Pedal Powered Farming

culticycle pedal powered tractor

The Culticycle is a pedal powered tractor that can cultivate, seed, spray, or pull gear for most low horsepower tasks. We talked about the first prototype almost two years ago. A new version has now been released, built around a modular tractor frame. Tim Cooke explains us how it’s built and how it works:  [Read more…]

The Beauty of Organic Farming

the beauty of organic farming picture by Lloyd Kahn

It’s not an advantage that’s often emphasized, but organic fields are much more beautiful than monocultures. The picture above was shot north of Santa Cruz, USA. Photographer is Lloyd Kahn, author of the fascinating Shelter blog.

Animals as the Answer to Recycling Food waste

Mountains of food scraps end up in landfills every day. While northern countries glorify attempts to facilitate this trash-to-treasure process using state-of-the-art technologies, Bobbili, a town in Northeast India, adopts a tech-free solution – a park using animals for solid waste management.

animals recycling food waste

Livestock at waste management park in Bobbili, India

[Read more…]

Lost Crops of Africa

lost crops of africa

“Like Asia and the Americas, the continent of Africa is blessed with a rich tropical flora. Many of the 50,000 or so plants that evolved within its forests and savannas ripen fruits to tempt the myriad wild creatures into spreading their seeds. Speaking generally, Africa has as many of these tasty morsels as tropical Asia or America.

This fact, however, is something one would never guess by looking in produce markets or college textbooks. Today, American and Asian species dominate tropical fruit production worldwide, including within Africa itself.

For this, there is good reason. Africa’s fruits have not, by and large, been brought up to their potential in terms of quality, production, and availability. Geographically speaking, few have moved beyond Africa’s shores; horticulturally speaking, most remain poorly known. Thus, the vast continental landmass lying between Mauritania and Mauritius contains a cornucopia of horticultural, nutritional, and rural-development jewels still waiting to be cut and polished.”

The three volumes can be consulted online at The National Academic Press. Previously: Lost crops of the Incas. Via Avantgardens.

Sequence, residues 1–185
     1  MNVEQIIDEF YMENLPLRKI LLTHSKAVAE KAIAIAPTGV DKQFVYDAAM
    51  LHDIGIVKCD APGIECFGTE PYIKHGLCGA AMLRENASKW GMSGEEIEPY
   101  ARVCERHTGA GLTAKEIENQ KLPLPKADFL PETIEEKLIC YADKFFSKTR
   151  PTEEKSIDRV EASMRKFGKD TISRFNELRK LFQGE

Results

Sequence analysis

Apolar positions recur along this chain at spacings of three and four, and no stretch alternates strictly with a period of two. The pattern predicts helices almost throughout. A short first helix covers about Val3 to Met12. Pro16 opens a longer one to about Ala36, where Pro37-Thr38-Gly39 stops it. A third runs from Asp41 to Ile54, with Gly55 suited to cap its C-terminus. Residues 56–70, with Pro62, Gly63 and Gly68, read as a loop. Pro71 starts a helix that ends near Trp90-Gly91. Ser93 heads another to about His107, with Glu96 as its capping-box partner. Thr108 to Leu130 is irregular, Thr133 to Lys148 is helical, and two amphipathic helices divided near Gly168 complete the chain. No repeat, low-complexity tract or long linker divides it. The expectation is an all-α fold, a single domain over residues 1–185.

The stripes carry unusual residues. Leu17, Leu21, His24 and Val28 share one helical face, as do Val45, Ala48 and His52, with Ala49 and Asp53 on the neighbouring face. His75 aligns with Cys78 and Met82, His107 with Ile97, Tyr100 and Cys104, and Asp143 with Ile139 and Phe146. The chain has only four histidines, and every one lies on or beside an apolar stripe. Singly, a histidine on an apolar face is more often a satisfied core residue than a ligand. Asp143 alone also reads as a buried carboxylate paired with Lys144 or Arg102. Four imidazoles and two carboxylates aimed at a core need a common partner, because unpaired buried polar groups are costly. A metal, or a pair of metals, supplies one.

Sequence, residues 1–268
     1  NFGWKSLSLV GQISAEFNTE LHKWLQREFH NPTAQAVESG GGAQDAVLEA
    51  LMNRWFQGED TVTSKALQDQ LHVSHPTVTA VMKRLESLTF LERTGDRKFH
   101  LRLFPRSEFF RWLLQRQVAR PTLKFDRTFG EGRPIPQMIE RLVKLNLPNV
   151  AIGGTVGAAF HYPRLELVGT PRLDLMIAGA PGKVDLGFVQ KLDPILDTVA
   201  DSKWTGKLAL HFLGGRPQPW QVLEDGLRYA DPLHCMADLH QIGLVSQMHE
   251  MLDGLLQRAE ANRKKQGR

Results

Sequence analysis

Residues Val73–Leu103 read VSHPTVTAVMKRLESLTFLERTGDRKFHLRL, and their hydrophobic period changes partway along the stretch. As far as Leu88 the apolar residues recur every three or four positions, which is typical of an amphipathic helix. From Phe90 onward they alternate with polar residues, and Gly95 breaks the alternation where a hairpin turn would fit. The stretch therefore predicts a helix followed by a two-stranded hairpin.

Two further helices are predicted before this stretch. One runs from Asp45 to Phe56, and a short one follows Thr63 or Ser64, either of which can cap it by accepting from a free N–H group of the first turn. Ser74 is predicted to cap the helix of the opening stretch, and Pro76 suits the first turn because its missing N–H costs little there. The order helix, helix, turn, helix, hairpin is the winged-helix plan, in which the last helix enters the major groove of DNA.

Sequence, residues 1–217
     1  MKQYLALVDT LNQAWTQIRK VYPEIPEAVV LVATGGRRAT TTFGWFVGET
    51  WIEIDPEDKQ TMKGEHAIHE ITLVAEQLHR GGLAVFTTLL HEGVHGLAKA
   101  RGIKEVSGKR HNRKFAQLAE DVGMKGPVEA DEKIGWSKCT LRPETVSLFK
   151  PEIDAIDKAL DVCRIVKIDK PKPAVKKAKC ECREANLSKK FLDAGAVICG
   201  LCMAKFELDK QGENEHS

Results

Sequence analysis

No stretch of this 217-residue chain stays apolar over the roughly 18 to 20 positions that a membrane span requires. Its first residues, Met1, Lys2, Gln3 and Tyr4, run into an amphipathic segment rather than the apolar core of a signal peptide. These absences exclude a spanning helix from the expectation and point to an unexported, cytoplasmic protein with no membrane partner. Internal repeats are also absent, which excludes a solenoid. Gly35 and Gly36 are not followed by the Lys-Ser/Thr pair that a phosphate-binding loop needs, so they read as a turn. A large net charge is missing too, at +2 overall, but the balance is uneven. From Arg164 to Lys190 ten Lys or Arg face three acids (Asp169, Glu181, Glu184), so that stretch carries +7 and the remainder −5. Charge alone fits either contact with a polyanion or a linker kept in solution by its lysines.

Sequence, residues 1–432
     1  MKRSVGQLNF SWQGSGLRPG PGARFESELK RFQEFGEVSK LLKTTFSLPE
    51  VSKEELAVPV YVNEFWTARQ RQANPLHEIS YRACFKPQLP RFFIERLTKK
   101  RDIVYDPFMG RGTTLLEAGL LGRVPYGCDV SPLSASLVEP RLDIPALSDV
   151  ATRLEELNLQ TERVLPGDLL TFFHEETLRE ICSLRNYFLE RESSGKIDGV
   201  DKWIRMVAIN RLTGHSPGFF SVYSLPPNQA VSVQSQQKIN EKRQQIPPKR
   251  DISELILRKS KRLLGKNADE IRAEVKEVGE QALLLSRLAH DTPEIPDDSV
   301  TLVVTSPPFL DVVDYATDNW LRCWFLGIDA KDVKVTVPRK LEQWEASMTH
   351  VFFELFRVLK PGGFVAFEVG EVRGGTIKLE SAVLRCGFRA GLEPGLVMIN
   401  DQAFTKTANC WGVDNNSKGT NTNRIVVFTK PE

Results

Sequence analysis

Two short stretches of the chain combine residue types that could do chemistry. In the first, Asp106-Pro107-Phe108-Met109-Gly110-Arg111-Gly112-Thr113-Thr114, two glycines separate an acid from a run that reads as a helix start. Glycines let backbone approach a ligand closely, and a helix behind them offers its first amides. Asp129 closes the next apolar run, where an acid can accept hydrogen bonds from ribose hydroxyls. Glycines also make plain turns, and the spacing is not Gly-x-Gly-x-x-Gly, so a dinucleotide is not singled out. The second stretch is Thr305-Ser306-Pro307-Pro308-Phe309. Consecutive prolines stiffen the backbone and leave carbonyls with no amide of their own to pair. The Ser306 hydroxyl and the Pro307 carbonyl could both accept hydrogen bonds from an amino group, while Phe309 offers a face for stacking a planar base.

Precolumbian Causeways and Canals

precolombian causeways

Detail of an engineered landscape in the Bolivian Amazon. Artwork by Clark Erickson.

“In contrast to the Western obsession to drain what are considered marginal wetlands for agriculture, farmers in the Bolivian Amazon may have intentionally expanded wetlands and wetland productivity through earthwork construction, which impedes, rather than enhances, drainage.

The precolumbian farmers did not use causeways as dikes to prevent inundation of fields and settlements, but rather to expand and enhance inundation for agricultural production.

At the same time, impounding water with well-placed causeways and the creation of canals improved and extended the season of transportation by canoe across the landscape. The grid-like structure also permanently marked land tenure in a highly visible manner.” [Read more…]

Agricultural Heritage Systems

agricultural heritage systemsSix traditional farming systems in China, Iran and South Korea known for their unique characteristics and approaches to sustainability have been designated Globally Important Agricultural Heritage Systems (GIAHS) by the Food and Agriculture Organization of the United Nations (FAO).

They include Iran’s Qanat Irrigation system, an ancient network of farms that have survived for nearly three millennia; a 22-thousand-kilometer system of black stone walls built from volcanic rock in Jeju, South Korea; and the traditional Gudeuljang Irrigated rice terraces in Cheongsando, South Korea.

Also on the list are a trio of sites in China: the unique Xinghua Duotian Agrosystem, famous for its method of water-land utilization; the historic Jasmine and Tea Culture System of Fuzhou City; and, the Jiaxian Traditional Chinese Date Gardens. The sites were officially recognized during the 28-29 April meeting of the GIAHS Scientific and Steering Committee at FAO headquarters in Rome.

These new designations bring the number of GIAHS systems to a total of 31 sites located in 14 countries in Africa, Latin America and Asia. The sites are considered models of innovation, sustainability and adaptability, delivering important benefits to the ecosystem. The GHIAS website has extensive documentation about most of these agricultural heritage systems. Picture: The Jasmine and Tea Culture System of Fuzhou City, China.